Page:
Just when you thought it was safe to run inside and pray: “Air inside churches may be a bigger health risk than that beside major roads, research suggests.” Candles and incense are deemed likely culprits for the prevailing high levels of polycyclic hydrocarbons and particulates, the latter of which were found at 12 to 20 times permissible EU levels. (“Church air is ‘threat to health'”, BBC, Nov. 20). Libertarian Samizdata has a rather drastic suggestion for what to do about the new findings. Another possibility, of course, is that the official EU hazard limits are set at a super-cautious level that has little to do with the amount of risk most people would consider it reasonable to bear. More on the candle menace: Jun. 19, 2001 (EPA advisory); Nov. 4-5, 2002 (Calif. “right-to-know” suits against candle makers).

“Scientology critic ordered to pay church”

“A former member and longtime critic of the Church of Scientology has been ordered by a Marin County judge to pay the church $500,000 for speaking out against the controversial religious movement.” Scientology defector Gerald Armstrong, in a 1986 settlement of earlier litigation with the church, had agreed to “maintain strict confidentiality and silence with respect to his experiences with the Church of Scientology” with a penalty of $50,000 for every offending utterance. “The church maintains that Armstrong has violated the agreement at least 201 times and owes it just over $10 million.” Armstrong’s “lawyer noted that his client had declared bankruptcy to avoid paying past damages won by Scientology, and Armstrong still vows to never pay a penny to the church.” (Don Lattin, San Francisco Chronicle, Apr. 13). See also Mar. 25-26, 2002; May 3, 2000.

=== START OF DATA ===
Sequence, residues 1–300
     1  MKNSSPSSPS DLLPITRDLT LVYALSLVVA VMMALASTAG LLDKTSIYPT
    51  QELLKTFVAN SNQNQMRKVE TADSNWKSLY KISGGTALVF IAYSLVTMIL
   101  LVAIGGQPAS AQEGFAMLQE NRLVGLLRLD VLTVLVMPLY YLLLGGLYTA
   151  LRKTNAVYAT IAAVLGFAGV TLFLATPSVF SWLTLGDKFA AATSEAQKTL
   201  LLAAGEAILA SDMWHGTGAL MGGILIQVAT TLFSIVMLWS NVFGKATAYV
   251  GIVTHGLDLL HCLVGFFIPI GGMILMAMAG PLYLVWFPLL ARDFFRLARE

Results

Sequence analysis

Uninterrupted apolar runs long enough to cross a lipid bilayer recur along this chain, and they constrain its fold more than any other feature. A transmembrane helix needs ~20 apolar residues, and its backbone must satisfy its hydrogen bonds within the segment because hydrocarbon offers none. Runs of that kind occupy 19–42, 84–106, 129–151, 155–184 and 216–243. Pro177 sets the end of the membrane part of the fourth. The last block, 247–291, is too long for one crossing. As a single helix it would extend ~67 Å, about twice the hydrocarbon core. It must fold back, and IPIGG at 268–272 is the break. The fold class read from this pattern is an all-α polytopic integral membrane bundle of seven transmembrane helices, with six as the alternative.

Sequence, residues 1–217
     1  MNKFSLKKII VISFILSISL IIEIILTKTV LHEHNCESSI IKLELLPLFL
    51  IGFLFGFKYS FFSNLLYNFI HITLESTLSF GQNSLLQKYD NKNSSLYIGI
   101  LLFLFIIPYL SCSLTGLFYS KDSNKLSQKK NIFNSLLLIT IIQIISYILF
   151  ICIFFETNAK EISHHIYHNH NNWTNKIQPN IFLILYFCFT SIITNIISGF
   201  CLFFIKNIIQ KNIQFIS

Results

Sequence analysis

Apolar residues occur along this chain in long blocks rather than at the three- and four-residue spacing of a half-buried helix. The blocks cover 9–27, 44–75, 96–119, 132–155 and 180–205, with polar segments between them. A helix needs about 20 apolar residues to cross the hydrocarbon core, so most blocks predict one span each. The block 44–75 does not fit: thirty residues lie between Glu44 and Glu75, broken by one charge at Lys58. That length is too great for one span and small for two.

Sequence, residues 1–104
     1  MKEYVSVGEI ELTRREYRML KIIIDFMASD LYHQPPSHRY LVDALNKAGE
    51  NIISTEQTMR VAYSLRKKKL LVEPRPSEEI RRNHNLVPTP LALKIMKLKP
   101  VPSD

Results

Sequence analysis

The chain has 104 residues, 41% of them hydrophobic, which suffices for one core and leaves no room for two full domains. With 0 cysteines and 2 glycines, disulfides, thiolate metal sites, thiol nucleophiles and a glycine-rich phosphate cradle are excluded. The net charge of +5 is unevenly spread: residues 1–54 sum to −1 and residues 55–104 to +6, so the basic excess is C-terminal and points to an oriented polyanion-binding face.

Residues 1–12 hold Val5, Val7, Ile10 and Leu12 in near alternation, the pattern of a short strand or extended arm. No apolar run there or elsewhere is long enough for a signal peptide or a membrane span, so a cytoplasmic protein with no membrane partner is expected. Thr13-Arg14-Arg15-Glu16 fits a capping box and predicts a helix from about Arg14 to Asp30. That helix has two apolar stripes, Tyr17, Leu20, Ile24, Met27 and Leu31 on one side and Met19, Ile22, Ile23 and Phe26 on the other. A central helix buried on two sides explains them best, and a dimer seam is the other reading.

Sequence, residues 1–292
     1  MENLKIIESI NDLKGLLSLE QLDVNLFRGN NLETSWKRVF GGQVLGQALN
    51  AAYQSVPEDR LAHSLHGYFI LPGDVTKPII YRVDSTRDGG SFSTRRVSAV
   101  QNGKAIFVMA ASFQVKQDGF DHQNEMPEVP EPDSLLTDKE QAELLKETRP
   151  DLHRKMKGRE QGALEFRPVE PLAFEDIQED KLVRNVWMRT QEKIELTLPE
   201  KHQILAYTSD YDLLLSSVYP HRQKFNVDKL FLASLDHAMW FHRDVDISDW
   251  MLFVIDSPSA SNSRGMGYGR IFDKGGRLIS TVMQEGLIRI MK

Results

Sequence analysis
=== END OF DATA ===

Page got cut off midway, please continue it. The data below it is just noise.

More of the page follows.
ATLA: Avoid jurors with “strong religious beliefs” reports that an American Trial Lawyers Association publication, “ATLA’s Litigating Tort Cases,” an $800 manual advertised as “the inside track to establishing and maintaining a successful tort practice,” recommends quizzing jurors on their religious beliefs during the “voir dire” procedure meant to exclude biased jurors.

The chapter classifies certain individuals as “personal responsibility” jurors. “The personal responsibility jurors tend to espouse traditional family values.” Often, “these jurors have strong religious beliefs.” Because “personal responsibility jurors” hold values such as “People should be self-reliant, responsible, and self-disciplined. When people act irresponsibly and are not self-disciplined, there are consequences. People must be accountable for their conduct,” they may not be sufficiently sympathetic to the plaintiffs.

Thus, “the only solution is to identify these jurors during voir dire and exclude them from the jury.”

A spokesman for Americans United for Separation of Church and State objects: “‘Certainly a good lawyer will try to ferret out any evidence of prejudice, whether it’s religious prejudice or racial prejudice, prejudice against women, whatever, that’s legitimate,’ [Rob] Boston said. ‘But, for a lawyer to simply assume that certain religious beliefs will dictate certain behaviors is naive and I think it does a disservice to our legal system.'” (Jeff Johnson, “Trial Lawyers Question Jurors’ ‘Strong Religious Beliefs'”,, Dec. 18).